Published Nov 15, 2019
Sarah Werner Boada https://orcid.org/0000-0001-7043-3416
The Spanish state advertises itself internationally as a leading example of “Roma inclusion” and takes particular pride in its policy towards women from the Kalé minority, the main Romani group in Spain. This is reflected in a carefully deployed political communication that centres on the trope of the “empowered Gypsy woman” who will soon reach emancipation thanks to state-funded programmes. On the ground, however, Kalé women’s persistent social marginalisation is imputed on them, while antigypsyism remains unaddressed by institutions.This paper investigates the discursive strategies mobilised by institutional actors in order to rule out discussions on racism. Based on eight months of ethnographic observations as well as semi-structured interviews with professionals in Madrid, I argue that this occurs through a translation of feminist agendas,particularly on intimate partner violence (IPV), into discourses that stigmatise Kalé “culture” as intrinsically patriarchal while promoting a gadjo (non-Romani) norm. This phenomenon, which I refer to as “gadjo feminism,” manifests itself within the justice system, where professionals disproportionately resortto culturalist representations of IPV in Kalé communities, and also within NGO-piloted empowerment programmes for Kalé women which rely upon racial hierarchies while systematically dismissing women’s experiences of institutional racism.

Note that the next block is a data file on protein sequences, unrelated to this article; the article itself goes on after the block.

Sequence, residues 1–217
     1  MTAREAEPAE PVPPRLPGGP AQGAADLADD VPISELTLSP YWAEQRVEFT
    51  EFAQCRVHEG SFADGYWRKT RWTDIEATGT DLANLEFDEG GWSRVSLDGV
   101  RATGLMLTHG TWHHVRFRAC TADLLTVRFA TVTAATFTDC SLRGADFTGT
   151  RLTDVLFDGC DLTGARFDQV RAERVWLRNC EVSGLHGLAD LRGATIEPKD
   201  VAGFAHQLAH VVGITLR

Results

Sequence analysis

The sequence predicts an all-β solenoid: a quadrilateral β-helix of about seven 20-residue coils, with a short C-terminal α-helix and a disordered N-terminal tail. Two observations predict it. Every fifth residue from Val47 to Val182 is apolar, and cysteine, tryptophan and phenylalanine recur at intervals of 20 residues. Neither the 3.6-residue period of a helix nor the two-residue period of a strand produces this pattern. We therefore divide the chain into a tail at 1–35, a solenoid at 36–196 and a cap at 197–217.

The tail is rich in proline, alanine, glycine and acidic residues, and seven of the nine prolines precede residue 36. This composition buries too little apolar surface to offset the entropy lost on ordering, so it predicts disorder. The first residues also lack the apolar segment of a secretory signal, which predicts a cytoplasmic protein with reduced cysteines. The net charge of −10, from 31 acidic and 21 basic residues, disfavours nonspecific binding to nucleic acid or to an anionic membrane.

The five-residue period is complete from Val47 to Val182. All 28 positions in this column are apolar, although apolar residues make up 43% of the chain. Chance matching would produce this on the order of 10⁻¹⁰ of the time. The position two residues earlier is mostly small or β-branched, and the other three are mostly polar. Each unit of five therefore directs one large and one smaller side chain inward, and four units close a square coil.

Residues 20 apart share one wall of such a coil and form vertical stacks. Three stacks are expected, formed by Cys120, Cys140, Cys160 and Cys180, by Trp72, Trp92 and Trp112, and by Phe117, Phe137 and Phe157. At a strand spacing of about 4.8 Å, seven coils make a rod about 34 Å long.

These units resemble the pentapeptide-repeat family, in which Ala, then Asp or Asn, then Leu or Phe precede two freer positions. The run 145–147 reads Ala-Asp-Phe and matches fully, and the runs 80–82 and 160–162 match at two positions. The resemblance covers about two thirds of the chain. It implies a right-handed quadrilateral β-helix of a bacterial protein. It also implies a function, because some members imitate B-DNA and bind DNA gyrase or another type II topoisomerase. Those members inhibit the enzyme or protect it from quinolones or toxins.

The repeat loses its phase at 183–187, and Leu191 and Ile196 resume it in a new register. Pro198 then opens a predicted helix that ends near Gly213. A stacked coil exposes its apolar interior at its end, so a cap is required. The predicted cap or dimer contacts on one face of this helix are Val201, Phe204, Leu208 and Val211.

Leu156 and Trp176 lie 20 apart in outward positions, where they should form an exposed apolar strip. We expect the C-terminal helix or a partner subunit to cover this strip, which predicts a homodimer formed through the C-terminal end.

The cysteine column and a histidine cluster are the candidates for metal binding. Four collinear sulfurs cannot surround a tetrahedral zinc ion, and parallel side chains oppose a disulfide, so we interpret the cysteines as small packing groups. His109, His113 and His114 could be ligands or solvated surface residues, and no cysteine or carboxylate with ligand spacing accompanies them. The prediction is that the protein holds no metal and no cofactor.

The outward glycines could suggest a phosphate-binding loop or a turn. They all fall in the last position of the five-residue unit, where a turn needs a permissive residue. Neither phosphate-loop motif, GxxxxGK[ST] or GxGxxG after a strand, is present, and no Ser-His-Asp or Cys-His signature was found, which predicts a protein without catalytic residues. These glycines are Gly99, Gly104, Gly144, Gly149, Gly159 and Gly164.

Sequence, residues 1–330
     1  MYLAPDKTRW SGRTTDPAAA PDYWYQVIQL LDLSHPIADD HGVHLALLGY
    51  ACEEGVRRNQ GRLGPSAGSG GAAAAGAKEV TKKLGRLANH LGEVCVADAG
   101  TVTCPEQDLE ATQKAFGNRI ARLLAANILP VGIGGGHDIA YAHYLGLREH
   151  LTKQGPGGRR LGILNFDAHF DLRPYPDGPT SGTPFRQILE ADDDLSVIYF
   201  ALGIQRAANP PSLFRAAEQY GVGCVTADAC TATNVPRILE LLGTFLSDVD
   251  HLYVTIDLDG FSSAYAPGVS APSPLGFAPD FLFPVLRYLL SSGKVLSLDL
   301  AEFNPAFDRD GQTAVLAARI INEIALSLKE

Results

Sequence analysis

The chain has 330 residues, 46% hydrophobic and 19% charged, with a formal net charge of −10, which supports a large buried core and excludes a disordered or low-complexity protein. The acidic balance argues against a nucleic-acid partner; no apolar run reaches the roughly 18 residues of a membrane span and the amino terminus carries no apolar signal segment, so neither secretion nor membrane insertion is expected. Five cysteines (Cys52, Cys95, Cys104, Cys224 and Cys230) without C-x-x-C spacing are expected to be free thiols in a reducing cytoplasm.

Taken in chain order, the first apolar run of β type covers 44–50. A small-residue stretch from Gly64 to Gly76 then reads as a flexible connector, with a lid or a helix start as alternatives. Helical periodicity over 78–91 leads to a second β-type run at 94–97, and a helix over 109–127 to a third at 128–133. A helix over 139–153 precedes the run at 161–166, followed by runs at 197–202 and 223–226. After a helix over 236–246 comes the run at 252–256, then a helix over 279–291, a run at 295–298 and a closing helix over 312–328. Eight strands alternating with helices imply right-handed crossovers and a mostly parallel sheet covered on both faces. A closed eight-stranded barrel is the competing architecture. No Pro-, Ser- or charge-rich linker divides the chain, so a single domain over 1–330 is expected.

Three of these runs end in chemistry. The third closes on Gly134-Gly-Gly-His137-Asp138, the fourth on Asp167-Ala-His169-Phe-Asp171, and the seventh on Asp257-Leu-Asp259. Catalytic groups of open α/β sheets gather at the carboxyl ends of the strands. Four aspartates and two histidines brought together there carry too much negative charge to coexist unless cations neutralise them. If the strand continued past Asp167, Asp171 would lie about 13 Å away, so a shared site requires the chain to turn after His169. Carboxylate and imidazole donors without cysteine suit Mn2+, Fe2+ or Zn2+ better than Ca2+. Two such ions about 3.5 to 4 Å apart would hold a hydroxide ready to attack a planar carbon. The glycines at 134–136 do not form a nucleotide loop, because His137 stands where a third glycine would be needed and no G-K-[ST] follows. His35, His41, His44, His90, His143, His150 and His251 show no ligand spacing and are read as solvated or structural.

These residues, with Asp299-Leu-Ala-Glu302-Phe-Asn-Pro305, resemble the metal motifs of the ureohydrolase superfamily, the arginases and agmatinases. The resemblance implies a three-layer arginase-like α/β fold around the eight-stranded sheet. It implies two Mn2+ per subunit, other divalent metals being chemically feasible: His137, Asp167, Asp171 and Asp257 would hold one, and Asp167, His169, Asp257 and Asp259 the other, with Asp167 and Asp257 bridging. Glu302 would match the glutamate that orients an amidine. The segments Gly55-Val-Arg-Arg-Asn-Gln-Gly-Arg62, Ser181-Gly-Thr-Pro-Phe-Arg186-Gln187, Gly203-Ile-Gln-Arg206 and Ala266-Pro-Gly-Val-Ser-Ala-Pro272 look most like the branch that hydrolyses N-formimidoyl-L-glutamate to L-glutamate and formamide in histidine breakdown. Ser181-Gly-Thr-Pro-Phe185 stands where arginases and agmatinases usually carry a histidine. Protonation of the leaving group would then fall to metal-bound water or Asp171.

How to Cite
Werner Boada, S. (2019). “They’re Saying That to Us?”. Critical Romani Studies, 2(1), 24-40. https://doi.org/10.29098/crs.v2i1.29
Feminism, Culture, Race, Romani women, Intimate partner violence, Spain
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